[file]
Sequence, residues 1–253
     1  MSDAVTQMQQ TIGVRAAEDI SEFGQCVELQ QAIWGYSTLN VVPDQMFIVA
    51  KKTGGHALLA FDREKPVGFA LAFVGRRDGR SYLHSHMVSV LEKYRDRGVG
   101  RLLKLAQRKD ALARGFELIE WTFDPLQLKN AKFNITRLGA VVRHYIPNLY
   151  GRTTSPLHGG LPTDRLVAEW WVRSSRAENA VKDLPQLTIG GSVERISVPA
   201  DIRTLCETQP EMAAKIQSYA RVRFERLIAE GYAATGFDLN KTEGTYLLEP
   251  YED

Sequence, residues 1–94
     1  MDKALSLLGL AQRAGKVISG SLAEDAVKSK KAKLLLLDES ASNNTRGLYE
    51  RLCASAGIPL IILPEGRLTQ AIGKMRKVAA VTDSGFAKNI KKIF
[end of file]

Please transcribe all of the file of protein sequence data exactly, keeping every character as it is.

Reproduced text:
Sequence, residues 1–253
     1  MSDAVTQMQQ TIGVRAAEDI SEFGQCVELQ QAIWGYSTLN VVPDQMFIVA
    51  KKTGGHALLA FDREKPVGFA LAFVGRRDGR SYLHSHMVSV LEKYRDRGVG
   101  RLLKLAQRKD ALARGFELIE WTFDPLQLKN AKFNITRLGA VVRHYIPNLY
   151  GRTTSPLHGG LPTDRLVAEW WVRSSRAENA VKDLPQLTIG GSVERISVPA
   201  DIRTLCETQP EMAAKIQSYA RVRFERLIAE GYAATGFDLN KTEGTYLLEP
   251  YED

Sequence, residues 1–94
     1  MDKALSLLGL AQRAGKVISG SLAEDAVKSK KAKLLLLDES ASNNTRGLYE
    51  RLCASAGIPL IILPEGRLTQ AIGKMRKVAA VTDSGFAKNI KKIF